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SmallPebble

Project status: unstable.



SmallPebble is a minimal automatic differentiation and deep learning library written from scratch in Python, using NumPy/CuPy.

The implementation is relatively small, and mainly in the file: smallpebble.py. To help understand it, check out this introduction to autodiff, which presents an autodiff framework that works in the same way as SmallPebble (except using scalars instead of NumPy arrays).

SmallPebble's raison d'etre is to be a simplified deep learning implementation, for those who want to learn what’s under the hood of deep learning frameworks. However, because it is written in terms of vectorised NumPy/CuPy operations, it performs well enough for non-trivial models to be trained using it.

Highlights

  • Relatively simple implementation.
  • Can run on GPU, using CuPy.
  • Various operations, such as matmul, conv2d, maxpool2d.
  • Array broadcasting support.
  • Eager or lazy execution.
  • Powerful API for creating models.
  • It's easy to add new SmallPebble functions.

Notes

Graphs are built implicitly via Python objects referencing Python objects. When get_gradients is called, autodiff is carried out on the whole sub-graph. The default array library is NumPy.


Read on to see:

  • Example models created and trained using SmallPebble.
  • A brief guide to using SmallPebble.
import matplotlib.pyplot as plt
import numpy as np
from tqdm.notebook import tqdm
import smallpebble as sp
from smallpebble.misc import load_data

Training a neural network to classify handwritten digits (MNIST)

"Load the dataset, and create a validation set."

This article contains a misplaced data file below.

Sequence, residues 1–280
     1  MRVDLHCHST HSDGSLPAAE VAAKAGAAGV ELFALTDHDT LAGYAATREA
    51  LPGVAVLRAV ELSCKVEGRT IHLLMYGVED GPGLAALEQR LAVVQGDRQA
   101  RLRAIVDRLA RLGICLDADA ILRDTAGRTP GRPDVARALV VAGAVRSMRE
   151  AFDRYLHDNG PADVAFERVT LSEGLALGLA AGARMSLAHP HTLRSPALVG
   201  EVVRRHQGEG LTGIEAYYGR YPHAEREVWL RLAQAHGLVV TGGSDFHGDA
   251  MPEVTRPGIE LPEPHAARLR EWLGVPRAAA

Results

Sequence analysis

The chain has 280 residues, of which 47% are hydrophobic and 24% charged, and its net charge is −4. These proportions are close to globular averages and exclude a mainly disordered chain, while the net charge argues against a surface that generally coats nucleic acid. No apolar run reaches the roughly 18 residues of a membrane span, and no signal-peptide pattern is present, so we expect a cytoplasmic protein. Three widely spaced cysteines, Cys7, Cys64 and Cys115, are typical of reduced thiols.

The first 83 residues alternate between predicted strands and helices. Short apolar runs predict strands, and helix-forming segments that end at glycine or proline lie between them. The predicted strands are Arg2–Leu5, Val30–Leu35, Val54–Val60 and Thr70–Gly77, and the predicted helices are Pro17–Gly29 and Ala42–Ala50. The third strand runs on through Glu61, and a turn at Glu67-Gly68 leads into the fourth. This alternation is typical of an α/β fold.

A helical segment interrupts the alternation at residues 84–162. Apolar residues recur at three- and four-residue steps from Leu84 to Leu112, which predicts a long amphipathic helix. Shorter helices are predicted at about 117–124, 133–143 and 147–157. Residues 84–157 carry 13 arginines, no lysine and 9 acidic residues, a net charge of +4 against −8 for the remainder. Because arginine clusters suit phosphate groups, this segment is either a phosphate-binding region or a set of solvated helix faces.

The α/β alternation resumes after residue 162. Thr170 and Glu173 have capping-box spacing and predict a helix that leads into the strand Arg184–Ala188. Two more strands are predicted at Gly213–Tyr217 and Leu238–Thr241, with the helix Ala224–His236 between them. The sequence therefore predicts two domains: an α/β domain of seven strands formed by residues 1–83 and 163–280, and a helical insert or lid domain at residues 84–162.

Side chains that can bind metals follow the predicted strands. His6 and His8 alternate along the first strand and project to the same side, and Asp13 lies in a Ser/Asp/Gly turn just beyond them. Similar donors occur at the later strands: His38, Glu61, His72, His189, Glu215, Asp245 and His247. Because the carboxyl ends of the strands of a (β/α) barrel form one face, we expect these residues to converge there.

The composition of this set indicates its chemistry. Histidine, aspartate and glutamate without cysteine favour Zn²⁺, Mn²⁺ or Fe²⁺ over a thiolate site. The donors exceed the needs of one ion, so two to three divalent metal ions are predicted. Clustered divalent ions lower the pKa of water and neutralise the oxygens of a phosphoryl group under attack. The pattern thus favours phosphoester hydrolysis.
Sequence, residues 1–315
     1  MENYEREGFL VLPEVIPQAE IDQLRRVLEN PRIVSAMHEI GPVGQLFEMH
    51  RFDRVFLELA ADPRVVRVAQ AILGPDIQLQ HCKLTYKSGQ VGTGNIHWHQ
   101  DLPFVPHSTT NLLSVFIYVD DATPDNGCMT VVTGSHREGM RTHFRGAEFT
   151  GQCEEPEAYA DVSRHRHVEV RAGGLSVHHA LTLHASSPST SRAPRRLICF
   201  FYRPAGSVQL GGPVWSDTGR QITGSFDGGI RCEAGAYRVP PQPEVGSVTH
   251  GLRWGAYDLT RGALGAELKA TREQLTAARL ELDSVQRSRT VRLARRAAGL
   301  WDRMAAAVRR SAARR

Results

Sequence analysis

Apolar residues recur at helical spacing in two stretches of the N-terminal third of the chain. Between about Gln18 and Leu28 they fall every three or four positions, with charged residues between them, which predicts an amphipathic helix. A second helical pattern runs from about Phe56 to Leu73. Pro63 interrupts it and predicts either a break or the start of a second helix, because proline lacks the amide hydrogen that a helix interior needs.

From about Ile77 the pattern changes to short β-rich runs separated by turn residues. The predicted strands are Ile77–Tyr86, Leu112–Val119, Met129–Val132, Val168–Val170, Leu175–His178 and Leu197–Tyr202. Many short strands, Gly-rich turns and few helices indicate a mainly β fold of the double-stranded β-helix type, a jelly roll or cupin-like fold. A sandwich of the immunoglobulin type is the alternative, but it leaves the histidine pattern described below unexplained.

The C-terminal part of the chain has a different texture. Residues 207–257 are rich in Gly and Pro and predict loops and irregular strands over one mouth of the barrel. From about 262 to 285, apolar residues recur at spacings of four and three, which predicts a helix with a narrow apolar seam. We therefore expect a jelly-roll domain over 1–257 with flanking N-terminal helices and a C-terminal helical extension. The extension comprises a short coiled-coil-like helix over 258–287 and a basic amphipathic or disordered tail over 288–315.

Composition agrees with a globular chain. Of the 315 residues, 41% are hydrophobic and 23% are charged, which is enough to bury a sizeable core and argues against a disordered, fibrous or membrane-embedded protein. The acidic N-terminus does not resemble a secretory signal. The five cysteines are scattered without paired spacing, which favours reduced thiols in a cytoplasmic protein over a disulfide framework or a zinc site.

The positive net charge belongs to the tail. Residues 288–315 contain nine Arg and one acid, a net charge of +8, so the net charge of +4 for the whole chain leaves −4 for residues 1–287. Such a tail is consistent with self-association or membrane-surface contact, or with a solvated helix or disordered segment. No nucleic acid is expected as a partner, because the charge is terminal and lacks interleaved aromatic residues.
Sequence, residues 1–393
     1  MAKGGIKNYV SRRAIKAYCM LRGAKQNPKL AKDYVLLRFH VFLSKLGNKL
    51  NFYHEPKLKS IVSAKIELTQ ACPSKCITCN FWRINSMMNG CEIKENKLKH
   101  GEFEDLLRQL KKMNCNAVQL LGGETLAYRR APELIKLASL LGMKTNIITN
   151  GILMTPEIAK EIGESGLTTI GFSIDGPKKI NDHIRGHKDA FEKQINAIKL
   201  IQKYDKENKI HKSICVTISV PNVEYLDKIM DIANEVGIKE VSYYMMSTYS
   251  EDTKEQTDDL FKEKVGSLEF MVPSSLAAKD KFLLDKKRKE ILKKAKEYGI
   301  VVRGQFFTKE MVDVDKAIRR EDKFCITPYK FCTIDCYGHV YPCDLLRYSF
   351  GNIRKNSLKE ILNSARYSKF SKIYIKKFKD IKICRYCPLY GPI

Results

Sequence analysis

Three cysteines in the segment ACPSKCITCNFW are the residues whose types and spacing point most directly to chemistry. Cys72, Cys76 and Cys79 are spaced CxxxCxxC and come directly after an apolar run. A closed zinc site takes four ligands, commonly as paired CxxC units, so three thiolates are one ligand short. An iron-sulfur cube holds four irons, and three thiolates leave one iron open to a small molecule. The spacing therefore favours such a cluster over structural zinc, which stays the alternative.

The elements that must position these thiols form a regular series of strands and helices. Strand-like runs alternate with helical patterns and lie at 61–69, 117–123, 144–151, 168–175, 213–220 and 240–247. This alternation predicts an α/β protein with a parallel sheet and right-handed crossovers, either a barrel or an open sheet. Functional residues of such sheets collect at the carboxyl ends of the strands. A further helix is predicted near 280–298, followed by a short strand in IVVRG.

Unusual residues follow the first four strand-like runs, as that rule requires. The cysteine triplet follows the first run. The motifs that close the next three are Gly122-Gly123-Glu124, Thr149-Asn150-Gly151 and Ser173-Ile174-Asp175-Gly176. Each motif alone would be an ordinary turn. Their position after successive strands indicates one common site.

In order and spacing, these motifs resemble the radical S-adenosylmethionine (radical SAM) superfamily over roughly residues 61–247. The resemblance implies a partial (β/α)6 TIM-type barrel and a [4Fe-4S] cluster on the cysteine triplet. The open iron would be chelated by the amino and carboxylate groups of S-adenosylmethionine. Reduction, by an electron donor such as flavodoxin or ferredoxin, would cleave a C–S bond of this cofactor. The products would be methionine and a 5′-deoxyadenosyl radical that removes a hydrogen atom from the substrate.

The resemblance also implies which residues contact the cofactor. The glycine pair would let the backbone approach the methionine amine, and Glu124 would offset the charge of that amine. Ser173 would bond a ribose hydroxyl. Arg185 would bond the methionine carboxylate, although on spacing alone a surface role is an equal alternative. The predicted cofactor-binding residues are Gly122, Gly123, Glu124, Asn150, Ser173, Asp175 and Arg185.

X_train, y_train, _, _ = load_data('mnist')  # load / download from openml.org
X_train = X_train/255  # normalize

# Seperate out data for validation.
X = X_train[:50_000, ...]
y = y_train[:50_000]
X_eval = X_train[50_000:60_000, ...]
y_eval = y_train[50_000:60_000]
"Plot, to check we have the right data."

plt.figure(figsize=(5,5))
for i in range(25):
    plt.subplot(5,5,i+1)
    plt.xticks([])
    plt.yticks([])
    plt.grid(False)
    plt.imshow(X_train[i,:].reshape(28,28), cmap='gray', vmin=0, vmax=1)

plt.show()

png

"Create a model, with two fully connected hidden layers."

X_in = sp.Placeholder()
y_true = sp.Placeholder()

h = sp.linearlayer(28*28, 100)(X_in)
h = sp.Lazy(sp.leaky_relu)(h)
h = sp.linearlayer(100, 100)(h)
h = sp.Lazy(sp.leaky_relu)(h)
h = sp.linearlayer(100, 10)(h)
y_pred = sp.Lazy(sp.softmax)(h)
loss = sp.Lazy(sp.cross_entropy)(y_pred, y_true)

learnables = sp.get_learnables(y_pred)

loss_vals = []
validation_acc = []
"Train model, while measuring performance on the validation dataset."

NUM_ITERS = 300
BATCH_SIZE = 200

eval_batch = sp.batch(X_eval, y_eval, BATCH_SIZE)
adam = sp.Adam()  # Adam optimization

for i, (xbatch, ybatch) in tqdm(enumerate(sp.batch(X, y, BATCH_SIZE)), total=NUM_ITERS):